Hannah has worked in my lab since summer 2015 (the summer after her freshman year). Her work began with the bare-bones setup of a video camera and a social cage with five mice. After countless hours of scoring CCTV videos of mouse interactions, she has developed her own study to explore the influence of social rank on anxiotypic behavior and BDNF expression in the BNST. Her study incorporates both male and female mice and probes potential sex differences in the effects of social stress on physiology and behavior. She observed passive avoidance behavior (using a light-dark box) and open field behavior in male and female mice to determine if social rank (measured by home cage aggression and the tube test) has an effect on anxiety-like behavior in mice . To understand the physiological changes that may underlie these changes in behavior, she developed and performed a qPCR assay to measure BDNF expression in the BNST.
Hannah's work was presented at multiple local and international conferences, and she received multiple awards and recognition for her presentations.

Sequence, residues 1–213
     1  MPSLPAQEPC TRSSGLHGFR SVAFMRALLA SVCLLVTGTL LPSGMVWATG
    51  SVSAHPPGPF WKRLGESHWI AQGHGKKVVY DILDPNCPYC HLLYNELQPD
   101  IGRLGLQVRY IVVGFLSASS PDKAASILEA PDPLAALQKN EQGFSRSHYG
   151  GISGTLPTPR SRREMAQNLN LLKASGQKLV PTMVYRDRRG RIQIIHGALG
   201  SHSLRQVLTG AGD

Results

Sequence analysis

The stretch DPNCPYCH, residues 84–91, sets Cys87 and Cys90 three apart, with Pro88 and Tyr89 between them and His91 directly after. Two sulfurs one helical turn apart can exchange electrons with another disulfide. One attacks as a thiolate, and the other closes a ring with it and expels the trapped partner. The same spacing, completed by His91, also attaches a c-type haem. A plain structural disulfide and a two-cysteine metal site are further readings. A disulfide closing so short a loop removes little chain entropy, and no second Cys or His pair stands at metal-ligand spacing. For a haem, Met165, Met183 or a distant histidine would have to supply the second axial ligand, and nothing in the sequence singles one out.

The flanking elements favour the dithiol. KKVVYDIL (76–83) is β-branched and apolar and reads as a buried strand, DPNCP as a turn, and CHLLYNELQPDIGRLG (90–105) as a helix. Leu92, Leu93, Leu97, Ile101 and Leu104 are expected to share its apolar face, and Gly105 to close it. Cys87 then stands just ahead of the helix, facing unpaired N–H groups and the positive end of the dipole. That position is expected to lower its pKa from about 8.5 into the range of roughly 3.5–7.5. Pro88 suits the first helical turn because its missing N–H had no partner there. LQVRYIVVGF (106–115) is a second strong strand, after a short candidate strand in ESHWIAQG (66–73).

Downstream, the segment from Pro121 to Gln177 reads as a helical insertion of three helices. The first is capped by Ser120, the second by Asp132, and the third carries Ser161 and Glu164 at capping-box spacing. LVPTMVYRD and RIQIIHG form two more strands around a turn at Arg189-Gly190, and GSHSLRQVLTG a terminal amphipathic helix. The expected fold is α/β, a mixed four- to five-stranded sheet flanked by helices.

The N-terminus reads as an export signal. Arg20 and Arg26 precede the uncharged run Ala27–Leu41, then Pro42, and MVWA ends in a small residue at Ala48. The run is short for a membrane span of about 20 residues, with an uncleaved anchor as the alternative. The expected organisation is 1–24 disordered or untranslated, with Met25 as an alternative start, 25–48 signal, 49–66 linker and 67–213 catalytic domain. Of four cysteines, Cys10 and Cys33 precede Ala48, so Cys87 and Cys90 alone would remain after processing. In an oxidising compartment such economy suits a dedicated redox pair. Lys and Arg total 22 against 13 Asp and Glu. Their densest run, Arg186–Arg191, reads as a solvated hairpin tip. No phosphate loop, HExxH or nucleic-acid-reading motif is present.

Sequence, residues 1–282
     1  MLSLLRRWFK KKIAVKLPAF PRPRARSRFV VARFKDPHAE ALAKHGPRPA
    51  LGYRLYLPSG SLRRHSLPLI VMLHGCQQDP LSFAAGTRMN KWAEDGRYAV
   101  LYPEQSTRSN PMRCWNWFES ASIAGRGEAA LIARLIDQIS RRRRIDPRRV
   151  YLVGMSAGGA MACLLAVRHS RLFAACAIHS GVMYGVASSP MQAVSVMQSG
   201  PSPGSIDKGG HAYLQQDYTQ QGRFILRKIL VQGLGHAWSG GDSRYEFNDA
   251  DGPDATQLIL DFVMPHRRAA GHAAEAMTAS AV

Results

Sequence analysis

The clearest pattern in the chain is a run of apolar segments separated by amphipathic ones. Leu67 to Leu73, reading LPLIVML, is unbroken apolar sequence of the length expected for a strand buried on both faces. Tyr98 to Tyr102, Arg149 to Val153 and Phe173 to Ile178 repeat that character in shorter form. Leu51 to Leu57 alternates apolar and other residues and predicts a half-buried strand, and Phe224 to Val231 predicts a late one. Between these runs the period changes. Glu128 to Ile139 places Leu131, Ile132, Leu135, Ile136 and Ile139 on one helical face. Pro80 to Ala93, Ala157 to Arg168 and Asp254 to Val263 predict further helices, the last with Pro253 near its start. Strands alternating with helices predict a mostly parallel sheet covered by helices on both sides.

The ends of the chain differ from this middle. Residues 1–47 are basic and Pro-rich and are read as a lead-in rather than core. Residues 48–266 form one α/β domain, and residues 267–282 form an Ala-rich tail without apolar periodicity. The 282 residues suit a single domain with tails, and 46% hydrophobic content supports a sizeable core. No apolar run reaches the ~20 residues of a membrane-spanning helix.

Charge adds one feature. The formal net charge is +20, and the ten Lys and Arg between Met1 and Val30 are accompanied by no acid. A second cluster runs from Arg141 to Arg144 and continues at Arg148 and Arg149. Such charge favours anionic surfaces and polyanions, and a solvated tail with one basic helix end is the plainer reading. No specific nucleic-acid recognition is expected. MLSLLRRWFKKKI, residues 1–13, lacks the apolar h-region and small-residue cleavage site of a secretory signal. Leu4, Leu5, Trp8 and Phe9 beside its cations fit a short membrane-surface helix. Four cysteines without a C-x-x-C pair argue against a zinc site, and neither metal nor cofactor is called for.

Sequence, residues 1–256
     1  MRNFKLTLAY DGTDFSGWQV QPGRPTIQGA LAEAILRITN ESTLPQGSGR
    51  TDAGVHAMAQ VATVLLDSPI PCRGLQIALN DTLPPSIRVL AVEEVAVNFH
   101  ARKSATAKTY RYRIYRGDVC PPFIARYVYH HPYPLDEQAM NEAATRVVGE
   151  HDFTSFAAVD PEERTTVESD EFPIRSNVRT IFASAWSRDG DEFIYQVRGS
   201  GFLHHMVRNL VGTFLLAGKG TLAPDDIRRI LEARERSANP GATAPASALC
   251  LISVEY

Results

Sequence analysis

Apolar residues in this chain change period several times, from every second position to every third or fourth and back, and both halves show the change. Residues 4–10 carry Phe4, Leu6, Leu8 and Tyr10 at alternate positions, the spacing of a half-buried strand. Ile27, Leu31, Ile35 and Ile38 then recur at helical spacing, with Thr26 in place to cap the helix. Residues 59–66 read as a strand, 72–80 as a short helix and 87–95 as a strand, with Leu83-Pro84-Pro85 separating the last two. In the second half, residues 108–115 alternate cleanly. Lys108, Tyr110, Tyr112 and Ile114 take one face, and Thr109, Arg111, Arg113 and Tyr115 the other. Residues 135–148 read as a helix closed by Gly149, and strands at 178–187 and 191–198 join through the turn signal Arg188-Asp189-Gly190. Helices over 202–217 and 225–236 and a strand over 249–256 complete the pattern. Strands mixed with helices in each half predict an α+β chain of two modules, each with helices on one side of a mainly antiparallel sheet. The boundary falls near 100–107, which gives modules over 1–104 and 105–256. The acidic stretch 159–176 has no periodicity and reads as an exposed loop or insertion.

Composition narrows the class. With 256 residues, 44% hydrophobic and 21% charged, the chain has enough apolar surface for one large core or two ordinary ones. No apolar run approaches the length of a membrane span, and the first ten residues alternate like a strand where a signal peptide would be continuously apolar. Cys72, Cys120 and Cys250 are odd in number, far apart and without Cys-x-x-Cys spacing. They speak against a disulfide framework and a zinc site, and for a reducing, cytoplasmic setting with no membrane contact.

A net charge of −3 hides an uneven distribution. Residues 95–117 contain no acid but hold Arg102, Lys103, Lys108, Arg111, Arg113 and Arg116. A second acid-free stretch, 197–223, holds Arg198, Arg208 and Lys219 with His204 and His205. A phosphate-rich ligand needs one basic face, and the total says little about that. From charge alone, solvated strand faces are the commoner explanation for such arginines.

Hannah is currently working under a fellowship award at the Medical Research Institute for Chemical Defense in Aberdeen, MD.
Emily took on the daunting task of completing a conceptual project as part of her senior thesis with my laboratory. Her project entailed building (from scratch) a touchscreen operant system for rats, built on an Arduino platform. To do this, she engaged her peers and incorporated two computer science majors to help her complete her project. With these two students, she developed the hardware and software needed for this system, and implemented it in a pilot project using four female Long-Evans rats.